Chances for Nature and the Burmese organization Friends of Wildlife are taking care of the protection of Asian elephants in the Indawgyi Lake Biosphere Reserve in Northern Myanmar. Since the northern part of the biosphere reserve is regularly visited by wild elephants and conflicts with local residents should be avoided, effective protective measures for humans and elephants are important. Therefore, the collection of information and reliable data on elephant movements is crucial.

As the terrain on site is quite difficult to reach, collecting reliable data is not easy. That’s why our approach is to track down the elephants through their vocalizations. In fact, some of the elephant communication takes place in the infrasound range, outside the human hearing range. The sounds sometimes carry over several kilometres.

To collect data about the wild elephants, we would like to place special recording devices in the forest of the project area in Myanmar. In order to test the devices in advance, our team visited Serengeti-Park Hodenhagen and its elephants for two days at the end of June 2021. With the support of the park team and the elephant keepers, we have implemented the devices and successfully recorded the sounds of the elephants. The experiment also served to determine the quality of the recordings and at what distance they are possible.

Actually, the elephants at Serengeti-Park are African elephants whose communication differs to a certain degree from the Asian elephants living in Myanmar. However, both species exchange information in the infrasound sector, which makes us optimistic to be able to use the devices successfully in Myanmar. Ultimately, the elephants of Serengeti-Park Hodenhagen help improving the protection of their wild relatives in Asia.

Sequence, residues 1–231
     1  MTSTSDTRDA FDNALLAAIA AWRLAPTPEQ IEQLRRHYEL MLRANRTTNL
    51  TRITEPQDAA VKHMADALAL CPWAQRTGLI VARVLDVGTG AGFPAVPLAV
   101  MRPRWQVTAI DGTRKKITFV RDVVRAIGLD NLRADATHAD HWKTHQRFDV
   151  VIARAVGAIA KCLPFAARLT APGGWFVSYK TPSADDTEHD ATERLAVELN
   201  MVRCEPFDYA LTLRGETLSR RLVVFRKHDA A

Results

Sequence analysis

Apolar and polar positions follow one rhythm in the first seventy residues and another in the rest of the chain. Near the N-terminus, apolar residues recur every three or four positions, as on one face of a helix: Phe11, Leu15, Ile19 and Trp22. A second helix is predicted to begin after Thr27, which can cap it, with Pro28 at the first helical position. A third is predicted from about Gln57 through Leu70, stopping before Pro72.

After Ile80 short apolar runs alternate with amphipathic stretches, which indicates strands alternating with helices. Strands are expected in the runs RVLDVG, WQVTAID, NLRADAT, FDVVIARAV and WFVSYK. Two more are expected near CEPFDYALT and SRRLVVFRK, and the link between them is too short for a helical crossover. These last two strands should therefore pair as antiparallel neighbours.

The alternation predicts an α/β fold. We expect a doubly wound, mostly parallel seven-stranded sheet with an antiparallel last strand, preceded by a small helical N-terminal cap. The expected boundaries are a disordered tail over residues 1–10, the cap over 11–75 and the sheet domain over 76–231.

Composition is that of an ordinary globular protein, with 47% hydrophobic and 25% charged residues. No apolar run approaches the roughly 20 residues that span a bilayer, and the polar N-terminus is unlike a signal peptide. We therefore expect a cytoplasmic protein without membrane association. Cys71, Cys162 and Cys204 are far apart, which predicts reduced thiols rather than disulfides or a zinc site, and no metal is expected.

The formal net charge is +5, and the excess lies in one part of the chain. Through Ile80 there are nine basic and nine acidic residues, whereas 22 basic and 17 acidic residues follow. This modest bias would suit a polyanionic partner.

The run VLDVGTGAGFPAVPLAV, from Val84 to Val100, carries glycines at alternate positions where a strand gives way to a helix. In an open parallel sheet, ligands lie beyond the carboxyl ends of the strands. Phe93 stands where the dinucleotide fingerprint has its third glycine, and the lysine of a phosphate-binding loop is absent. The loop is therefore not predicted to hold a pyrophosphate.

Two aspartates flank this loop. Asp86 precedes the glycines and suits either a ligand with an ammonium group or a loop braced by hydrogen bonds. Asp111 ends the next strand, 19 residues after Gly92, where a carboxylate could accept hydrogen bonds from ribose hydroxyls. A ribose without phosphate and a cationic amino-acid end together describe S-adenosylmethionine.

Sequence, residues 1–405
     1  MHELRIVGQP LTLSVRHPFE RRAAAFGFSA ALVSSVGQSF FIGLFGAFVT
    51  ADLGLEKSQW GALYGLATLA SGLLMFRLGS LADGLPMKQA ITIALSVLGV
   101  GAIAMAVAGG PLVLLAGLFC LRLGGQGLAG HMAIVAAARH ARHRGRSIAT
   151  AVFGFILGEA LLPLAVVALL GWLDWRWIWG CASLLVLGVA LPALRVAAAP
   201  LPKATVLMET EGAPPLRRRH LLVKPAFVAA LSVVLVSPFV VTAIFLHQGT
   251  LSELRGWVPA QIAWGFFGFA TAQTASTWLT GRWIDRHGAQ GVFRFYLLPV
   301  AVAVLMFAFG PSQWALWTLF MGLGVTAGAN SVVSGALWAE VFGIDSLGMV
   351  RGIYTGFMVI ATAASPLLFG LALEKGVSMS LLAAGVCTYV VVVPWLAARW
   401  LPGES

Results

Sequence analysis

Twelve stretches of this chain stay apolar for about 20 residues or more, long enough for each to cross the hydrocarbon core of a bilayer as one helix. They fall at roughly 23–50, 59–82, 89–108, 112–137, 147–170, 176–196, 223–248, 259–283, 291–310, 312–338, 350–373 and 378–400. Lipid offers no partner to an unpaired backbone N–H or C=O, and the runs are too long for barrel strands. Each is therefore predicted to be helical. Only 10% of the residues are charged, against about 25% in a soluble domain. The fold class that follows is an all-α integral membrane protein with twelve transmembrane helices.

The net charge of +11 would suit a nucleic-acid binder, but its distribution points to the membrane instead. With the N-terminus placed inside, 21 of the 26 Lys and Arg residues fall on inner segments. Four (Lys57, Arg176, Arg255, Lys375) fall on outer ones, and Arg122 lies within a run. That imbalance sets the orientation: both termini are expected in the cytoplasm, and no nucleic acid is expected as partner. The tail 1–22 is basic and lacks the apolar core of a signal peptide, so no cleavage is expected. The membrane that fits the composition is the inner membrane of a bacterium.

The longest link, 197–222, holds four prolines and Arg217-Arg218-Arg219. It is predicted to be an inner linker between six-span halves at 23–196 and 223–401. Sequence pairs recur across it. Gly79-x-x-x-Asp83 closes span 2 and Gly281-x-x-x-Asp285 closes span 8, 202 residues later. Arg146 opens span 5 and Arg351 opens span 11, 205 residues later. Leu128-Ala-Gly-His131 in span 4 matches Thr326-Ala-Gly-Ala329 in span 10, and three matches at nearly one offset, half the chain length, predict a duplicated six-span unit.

We would like to thank the team of Serengeti-Park for their great support and hospitality!

Wild elephants at Indawgyi Lake Biosphere Reserve

There are currently less than 2000 wild elephants left in Myanmar. Until about 30 years ago, wild elephants were widespread in the area that is now the Indawgyi Lake Biosphere Reserve. Since the northern part of the reserve is still regularly roamed by wild elephants, encounters and dangerous situations with the local residents occur (human-elephant-conflict). So far, however, we still know too little about the number of animals, group composition and migration routes. For this reason, a study will be carried out, providing a more accurate picture of the situation. The study will cover interviews with the local villagers, camera trapping and a new approach with bioacoustic methods. An emergency phone will connect the villagers to our elephant team to report sightings and possible problems. The findings are intended to be used to jointly develop a concept for conflict prevention and the protection of humans and elephants.